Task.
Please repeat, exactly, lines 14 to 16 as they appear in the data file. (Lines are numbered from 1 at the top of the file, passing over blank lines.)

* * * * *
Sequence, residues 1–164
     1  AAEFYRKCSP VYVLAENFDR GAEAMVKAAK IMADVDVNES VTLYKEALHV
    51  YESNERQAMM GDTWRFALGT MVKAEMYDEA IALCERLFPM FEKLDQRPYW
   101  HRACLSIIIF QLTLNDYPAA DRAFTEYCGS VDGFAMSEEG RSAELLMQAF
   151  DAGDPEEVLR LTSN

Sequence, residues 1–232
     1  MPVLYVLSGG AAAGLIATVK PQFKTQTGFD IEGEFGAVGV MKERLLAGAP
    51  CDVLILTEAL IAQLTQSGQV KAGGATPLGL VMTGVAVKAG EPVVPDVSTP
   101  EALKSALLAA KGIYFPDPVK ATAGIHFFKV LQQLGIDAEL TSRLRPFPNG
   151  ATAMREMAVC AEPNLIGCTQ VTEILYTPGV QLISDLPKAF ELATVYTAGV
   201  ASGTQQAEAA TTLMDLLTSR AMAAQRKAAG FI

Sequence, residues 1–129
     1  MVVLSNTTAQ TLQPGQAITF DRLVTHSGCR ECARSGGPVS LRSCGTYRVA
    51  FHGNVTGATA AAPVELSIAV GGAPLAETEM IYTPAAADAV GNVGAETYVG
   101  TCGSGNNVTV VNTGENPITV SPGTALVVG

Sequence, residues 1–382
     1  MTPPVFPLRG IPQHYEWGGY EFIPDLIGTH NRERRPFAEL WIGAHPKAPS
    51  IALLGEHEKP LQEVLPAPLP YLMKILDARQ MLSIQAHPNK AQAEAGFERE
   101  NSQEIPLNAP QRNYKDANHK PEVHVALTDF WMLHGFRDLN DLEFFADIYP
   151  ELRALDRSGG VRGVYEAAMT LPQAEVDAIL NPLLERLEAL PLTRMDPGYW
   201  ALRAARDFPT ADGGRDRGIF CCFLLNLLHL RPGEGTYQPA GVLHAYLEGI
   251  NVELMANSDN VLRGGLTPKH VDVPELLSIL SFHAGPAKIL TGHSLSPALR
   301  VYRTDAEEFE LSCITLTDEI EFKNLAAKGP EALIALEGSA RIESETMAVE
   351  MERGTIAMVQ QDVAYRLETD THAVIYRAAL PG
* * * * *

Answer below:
    51  FHGNVTGATA AAPVELSIAV GGAPLAETEM IYTPAAADAV GNVGAETYVG
   101  TCGSGNNVTV VNTGENPITV SPGTALVVG

Sequence, residues 1–382